At the gym: By Invitation Only by Dorothea Benton Frank

Beside the pond (and by pond I currently mean ocean): Cottage by the Sea by Debbie Macomber

Before bed: Now That You Mention It by Kristan Higgins

Books read to date in 2019: 17

You Know You’re a Writer When . . .

Here’s a blast from the past. . . a blog post I wrote in 2013 that’s as true today as it was back then.

I wasn’t that odd as a child, not really, although if you ask my father he’d probably disagree. I was sensitive to my surroundings (especially to the undercurrents of conversations and what wasn’t being said); I was prone to storytelling (others referred to this as exaggeration); and I had three special (imaginary-to-everyone-else) friends. I played with them, had conversations (and arguments) with them and I ate meals with them too. This did not please my rational father. He didn’t realize he had a writer-in-the-making in the house.

How do you know you’re a writer?  You know you’re a writer when –

You had imaginary friends as a child only they were real to you.

You are prone to wild imaginings that can literally make your heart race.

Conflict makes you smile.

You don’t get non-readers.

You laugh out loud at conversations in your head.

Some of the letters on your keyboard are worn off.

You have pens in every room of your house, including the bathroom and beside your bed.

A song on the radio sparks a story idea.

You stare at random people and memorize their quirks.

You can predict the conflict or turning points in movies, and your family has made you promise to keep quiet until it’s over.

You get excited by Scrivener.

Eavesdropping is second nature.

You love bookstores (but hate them if they don’t carry your books).

You live in a constant state of ‘what now?’ closely followed by ‘what if?’

Twist is not a cinnamon stick.

You have scribbled an idea, a word, or a piece of dialogue on a restaurant napkin, boarding pass, old envelope, school newsletter, or empty toilet roll.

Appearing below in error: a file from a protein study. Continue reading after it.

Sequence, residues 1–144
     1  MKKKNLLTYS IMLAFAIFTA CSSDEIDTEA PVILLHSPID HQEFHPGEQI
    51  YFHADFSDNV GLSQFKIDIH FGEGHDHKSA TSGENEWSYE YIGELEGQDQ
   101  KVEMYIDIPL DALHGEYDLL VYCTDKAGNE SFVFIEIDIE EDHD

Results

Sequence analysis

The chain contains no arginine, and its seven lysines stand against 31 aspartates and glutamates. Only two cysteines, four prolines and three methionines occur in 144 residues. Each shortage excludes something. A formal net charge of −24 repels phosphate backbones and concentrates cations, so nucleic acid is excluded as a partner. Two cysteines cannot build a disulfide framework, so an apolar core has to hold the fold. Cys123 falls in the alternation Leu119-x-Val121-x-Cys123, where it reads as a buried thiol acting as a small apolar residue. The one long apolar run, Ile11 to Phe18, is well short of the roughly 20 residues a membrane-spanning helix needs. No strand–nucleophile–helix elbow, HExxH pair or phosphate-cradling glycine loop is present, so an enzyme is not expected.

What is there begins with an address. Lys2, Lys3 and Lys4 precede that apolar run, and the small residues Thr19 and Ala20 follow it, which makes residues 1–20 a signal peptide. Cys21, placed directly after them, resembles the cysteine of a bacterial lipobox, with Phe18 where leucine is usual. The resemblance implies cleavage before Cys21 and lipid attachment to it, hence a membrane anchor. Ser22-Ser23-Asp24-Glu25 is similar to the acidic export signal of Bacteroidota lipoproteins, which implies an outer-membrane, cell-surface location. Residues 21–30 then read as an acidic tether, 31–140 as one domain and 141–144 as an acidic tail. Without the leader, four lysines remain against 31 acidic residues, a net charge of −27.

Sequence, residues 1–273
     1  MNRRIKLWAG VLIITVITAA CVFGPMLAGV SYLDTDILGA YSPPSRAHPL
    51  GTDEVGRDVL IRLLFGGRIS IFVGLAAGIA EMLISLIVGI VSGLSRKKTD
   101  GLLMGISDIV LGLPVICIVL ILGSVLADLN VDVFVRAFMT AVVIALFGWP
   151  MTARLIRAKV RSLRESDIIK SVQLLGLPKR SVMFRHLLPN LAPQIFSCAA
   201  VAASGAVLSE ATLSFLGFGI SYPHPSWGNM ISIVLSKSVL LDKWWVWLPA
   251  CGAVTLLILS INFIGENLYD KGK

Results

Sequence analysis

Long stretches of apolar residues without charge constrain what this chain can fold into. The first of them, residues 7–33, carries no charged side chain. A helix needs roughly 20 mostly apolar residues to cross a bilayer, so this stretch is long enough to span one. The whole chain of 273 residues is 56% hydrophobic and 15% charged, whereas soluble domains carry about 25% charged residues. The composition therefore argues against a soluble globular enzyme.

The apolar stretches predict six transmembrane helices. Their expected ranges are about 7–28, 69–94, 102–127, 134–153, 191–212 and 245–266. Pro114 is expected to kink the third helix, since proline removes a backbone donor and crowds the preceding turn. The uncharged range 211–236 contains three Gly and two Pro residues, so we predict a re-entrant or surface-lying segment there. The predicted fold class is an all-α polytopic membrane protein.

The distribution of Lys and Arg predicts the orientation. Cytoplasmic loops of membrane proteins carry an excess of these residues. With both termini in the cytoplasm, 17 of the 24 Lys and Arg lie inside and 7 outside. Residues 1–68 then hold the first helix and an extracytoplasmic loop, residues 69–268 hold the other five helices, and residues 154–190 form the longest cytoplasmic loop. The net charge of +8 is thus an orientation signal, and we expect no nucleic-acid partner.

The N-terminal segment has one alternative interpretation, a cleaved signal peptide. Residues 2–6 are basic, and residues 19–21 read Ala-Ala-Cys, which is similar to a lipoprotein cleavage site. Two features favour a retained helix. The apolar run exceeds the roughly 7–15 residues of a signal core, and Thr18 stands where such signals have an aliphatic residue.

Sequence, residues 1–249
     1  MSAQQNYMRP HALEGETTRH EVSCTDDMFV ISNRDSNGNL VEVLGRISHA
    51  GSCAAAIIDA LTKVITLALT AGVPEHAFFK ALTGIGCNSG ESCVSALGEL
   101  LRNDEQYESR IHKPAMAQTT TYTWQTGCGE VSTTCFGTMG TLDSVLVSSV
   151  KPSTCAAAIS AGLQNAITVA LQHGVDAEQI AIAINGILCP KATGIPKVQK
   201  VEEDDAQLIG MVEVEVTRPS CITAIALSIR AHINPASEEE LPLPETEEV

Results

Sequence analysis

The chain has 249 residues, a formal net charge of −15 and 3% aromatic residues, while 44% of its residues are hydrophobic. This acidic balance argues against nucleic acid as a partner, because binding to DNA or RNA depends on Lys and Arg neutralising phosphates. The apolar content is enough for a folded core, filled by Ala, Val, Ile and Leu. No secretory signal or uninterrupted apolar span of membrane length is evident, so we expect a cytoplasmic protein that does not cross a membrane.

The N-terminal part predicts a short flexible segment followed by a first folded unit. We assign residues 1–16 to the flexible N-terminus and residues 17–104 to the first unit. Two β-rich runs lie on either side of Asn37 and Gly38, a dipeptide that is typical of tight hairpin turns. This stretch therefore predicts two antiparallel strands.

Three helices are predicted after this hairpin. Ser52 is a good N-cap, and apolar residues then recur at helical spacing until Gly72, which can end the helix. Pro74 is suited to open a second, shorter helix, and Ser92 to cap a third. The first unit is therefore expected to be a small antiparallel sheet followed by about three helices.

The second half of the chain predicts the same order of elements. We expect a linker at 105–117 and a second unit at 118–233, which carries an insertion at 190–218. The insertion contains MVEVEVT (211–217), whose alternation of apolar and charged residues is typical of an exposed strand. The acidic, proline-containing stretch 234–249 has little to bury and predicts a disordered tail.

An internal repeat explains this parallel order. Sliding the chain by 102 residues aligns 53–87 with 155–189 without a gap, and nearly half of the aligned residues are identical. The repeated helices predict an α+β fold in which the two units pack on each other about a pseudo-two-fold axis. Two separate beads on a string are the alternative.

You find those odd bits of paper – sometimes indecipherable – in pockets, wallets, purses, drawers, stuffed between the pages of a book, and you save them.

Pacing is a concept not an activity.

You found it easier to write when you first started.

You have missed a turn, an exit ramp or possibly a plane because you were so absorbed in your story.

You weren’t comfortable as a journalist because you always wanted to change the end of the story.

Proofreading is automatic.

Character is not about your personal ethics.

A hero must be flawed. But sexy as hell.

You gather ideas, thoughts, bits of trivia and snatches of dialogue like black pants gather lint.

You visit a cemetery and take notes.

People you barely know ask you to read their book, their article, their life story. Or ask you to write it.

You have a weird combination of insecurity and confidence.

Finishing the scene is more important than answering the phone.

The Muse is an intimate.

And, finally, you will read anything.

 

My March Reads

 

Today is the first day of spring in the Pacific Northwest and for once the weather is in line with the calendar. The sun is shining, clear and strong. The crocuses are up. The birds are in high spirits. And so, apparently, are the sea otters. Yesterday, one propelled its way up from the water’s edge to our house. I know they’re cute (at least some people think so) but they’re particularly aggressive with dogs so I’m careful to watch Team Sheltie when they’re out in the garden. Because the weather is warming up, the garden is on my mind and one of my current book picks reflects that. Here’s what I’m reading this month:

Beside the pond: Plants That Speak, Souls That Sing by Fay Johnstone

Before bed: The Witch of Blackbird Pond by Elizabeth George Spears

On the weekend: The Care and Feeding of My Mother by Jann Arden

Books read to date in 2019: 12